Australian online retailer Kogan has announced it's going to buy the online properties of the failed Dick Smith Electronics, chiefly because it reckons the brand retains enough recognition to make it worth the effort.
Well: there's also the matter of a customer database, and here, the story gets interesting, because users were fearful that the sale process would involve mass privacy invasion.
That led to all manner of bad advice flying around the Internet, from recommendations to delete accounts outright to adding rubbish information to accounts, as if database versioning and backup snapshots wouldn't exist.
Choice Australia even set up an “opt out” campaign site here.
It turns out, after all, that receivers Ferrier Hodgson understand privacy law, stating that:
- All data is going to be handled in accordance with Australian and New Zealand privacy law;
- Customers will have the chance to remove their information from the database prior to the sale;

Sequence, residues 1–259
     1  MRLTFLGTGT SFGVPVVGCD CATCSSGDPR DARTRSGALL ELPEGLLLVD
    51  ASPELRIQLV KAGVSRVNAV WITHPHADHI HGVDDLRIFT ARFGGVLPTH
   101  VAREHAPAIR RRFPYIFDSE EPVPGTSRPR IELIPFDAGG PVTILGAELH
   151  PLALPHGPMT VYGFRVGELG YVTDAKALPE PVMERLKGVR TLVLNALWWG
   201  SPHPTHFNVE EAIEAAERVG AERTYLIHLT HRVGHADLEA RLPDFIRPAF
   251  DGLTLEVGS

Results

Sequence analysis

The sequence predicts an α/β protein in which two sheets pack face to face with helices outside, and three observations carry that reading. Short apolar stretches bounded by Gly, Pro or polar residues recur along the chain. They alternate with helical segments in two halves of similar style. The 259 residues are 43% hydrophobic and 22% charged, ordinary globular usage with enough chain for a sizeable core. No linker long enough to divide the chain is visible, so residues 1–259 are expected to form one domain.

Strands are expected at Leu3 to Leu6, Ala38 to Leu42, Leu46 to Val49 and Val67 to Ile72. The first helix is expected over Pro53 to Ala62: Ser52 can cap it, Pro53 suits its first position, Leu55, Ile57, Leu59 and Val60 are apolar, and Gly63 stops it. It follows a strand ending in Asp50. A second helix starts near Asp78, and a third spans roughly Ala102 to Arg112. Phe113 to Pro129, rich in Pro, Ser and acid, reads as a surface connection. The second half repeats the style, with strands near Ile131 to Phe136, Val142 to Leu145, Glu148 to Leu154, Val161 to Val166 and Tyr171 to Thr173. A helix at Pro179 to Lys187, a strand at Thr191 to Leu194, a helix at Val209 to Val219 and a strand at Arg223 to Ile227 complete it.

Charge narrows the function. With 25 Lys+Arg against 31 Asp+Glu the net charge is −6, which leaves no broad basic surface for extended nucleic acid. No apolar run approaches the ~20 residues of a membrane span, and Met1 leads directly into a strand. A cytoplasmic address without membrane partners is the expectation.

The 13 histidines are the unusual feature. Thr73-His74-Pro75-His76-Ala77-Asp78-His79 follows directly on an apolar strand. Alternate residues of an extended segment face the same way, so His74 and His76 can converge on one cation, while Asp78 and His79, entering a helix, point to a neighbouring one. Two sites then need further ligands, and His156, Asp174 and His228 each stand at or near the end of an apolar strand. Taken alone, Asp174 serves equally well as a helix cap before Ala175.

- Customers who signed up with the online store after the receivership began (on 4 January) won't be included in the sale.
Kogan will start operating the online stores from June 1.
Fairfax reports that online operations only accounted for around eight per cent of Dick Smith Electronics' turnover.
Even so, Ferrier Hodgson reported “aggressive” bidding for the online store, because the database also includes a million individuals that were part of the DSE loyalty program.
Alas for the company's bricks-and-mortar operations, Kogan has no interest in the physical stores. ®